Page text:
February 14, 2019 By Douglas Bonderud 2 min read

The email provider VFEmail suffered a “catastrophic” hack that destroyed the company’s primary and backup data servers in the U.S.

As reported by Krebs on Security, the attack began on the morning of Feb. 11, when the company’s official Twitter account warned that all external-facing systems across multiple data centers were down. Hours later, VFEmail tweeted that it “caught the perp in the middle of formatting the backup server.” Just after 1 p.m., the company reported that all disks on every server had been formatted with every VM, file server and backup server lost.

Only a small, Netherlands-based backup server was left untouched. VFEmail founder Rick Romero (@Havokmon) tweeted on Feb. 12 that the company is “effectively gone” and will likely not return.

VFEmail’s Exceptional Circumstances

Most email attacks aren’t looking to destroy data. As reported by Healthcare IT News, healthcare email fraud attacks are up by nearly 500 percent over the last two years, while IT Pro Portal noted that threat actors are now leveraging compromised accounts to gain email access and steal confidential data. Even ransomware attacks — which include the threat of data destruction — are typically used as leverage to generate corporate payouts.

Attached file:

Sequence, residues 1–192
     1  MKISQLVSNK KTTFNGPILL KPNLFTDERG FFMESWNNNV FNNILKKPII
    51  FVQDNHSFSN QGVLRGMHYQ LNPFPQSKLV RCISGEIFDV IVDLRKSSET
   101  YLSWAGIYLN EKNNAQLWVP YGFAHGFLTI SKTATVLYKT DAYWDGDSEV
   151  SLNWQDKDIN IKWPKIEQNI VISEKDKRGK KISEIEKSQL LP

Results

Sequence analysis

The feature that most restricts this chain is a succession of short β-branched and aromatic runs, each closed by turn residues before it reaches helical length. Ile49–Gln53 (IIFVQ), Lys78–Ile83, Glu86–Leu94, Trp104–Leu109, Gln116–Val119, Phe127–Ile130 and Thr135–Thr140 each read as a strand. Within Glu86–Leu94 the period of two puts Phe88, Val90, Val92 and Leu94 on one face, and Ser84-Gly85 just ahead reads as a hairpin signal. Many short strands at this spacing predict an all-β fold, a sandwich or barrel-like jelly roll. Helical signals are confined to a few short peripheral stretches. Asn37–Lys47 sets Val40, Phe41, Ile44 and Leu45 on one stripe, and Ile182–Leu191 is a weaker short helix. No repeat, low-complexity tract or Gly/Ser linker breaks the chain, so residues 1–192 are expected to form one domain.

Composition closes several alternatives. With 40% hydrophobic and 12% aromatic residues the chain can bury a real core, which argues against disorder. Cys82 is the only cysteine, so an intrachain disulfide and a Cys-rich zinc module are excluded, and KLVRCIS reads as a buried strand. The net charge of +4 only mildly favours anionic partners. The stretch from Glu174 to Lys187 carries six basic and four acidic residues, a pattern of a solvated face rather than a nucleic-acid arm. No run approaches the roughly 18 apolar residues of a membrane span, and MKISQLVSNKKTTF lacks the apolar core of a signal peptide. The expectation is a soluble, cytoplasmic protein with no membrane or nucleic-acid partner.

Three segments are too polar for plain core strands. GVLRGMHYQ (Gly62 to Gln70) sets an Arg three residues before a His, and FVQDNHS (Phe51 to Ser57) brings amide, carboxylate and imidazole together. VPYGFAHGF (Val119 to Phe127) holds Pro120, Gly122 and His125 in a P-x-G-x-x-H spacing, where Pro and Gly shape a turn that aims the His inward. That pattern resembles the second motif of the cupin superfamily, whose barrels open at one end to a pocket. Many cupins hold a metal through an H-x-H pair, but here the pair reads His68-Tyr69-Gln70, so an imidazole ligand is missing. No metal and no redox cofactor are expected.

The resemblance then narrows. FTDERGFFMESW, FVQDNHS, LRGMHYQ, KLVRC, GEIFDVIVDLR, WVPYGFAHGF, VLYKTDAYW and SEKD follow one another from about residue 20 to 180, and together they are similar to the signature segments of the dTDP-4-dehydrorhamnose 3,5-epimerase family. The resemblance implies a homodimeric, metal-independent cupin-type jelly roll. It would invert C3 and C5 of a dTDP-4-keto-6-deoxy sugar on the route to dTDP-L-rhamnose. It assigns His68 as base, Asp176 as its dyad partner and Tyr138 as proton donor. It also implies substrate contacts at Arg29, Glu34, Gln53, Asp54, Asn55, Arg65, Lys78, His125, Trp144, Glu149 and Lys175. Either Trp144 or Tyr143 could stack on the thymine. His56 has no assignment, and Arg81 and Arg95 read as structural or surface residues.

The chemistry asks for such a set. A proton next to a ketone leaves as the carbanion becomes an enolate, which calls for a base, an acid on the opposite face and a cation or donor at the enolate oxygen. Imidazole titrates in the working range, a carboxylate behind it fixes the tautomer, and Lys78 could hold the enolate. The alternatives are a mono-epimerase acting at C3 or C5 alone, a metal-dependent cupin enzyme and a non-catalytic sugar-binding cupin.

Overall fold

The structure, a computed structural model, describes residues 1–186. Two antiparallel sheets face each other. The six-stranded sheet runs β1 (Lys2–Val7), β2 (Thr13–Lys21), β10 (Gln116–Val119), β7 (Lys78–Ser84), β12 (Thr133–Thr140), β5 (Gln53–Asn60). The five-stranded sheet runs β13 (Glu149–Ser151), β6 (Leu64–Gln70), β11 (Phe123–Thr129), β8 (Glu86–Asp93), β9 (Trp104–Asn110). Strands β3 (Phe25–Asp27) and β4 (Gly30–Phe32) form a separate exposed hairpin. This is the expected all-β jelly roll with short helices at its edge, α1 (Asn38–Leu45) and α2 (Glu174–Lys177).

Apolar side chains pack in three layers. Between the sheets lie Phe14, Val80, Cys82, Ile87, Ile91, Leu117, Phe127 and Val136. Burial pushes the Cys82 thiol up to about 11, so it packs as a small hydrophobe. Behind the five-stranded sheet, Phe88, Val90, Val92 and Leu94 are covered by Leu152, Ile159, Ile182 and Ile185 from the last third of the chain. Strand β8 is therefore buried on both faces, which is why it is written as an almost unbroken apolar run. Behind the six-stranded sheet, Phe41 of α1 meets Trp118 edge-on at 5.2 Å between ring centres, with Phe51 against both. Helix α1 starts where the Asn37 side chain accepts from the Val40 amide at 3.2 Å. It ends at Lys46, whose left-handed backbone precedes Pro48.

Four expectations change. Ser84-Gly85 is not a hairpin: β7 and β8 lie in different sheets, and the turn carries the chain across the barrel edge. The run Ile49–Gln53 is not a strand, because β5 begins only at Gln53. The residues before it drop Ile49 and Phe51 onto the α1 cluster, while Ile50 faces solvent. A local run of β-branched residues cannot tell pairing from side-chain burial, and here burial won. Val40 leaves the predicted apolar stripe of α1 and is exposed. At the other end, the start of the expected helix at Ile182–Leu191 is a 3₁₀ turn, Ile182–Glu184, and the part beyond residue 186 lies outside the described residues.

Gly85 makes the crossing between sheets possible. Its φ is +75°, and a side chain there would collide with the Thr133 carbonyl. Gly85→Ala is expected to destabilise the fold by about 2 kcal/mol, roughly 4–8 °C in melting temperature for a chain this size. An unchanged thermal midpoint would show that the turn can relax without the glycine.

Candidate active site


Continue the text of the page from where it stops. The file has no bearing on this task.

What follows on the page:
The VFEmail hack, meanwhile, had no clear aim: No ransom message was reported, and there’s no evidence that data was exfiltrated before being destroyed. Romero managed to track the attacker to an IP address hosted in Bulgaria — likely just a virtual machine (VM) that was used as a launch pad for the attack.

He also noted that to compromise VFEmail’s mail hosts, VM hosts and SQL server clusters, the attacker would have needed multiple passwords, as reported by Ars Technica. While some of the mail service is back up and running, there’s only a slim chance that U.S. email data will be recovered.

Back Up Your Mission-Critical Email Data

Email clients come with inherent risks and no guarantees. While layered email security can help reduce the risk of malware infections and ransomware attacks, it can’t prevent host-side attacks like the one VFEmail experienced.

Security teams should follow best practices for defending against threats that destroy data, such as ransomware attacks. According to experts, data backups are key to reducing the risk of complete data loss — while this typically applies to local files, enterprises using hosted email providers to send and receive mission-critical data should consider creating an on- or off-site email backup to combat the threat of catastrophic data destruction.

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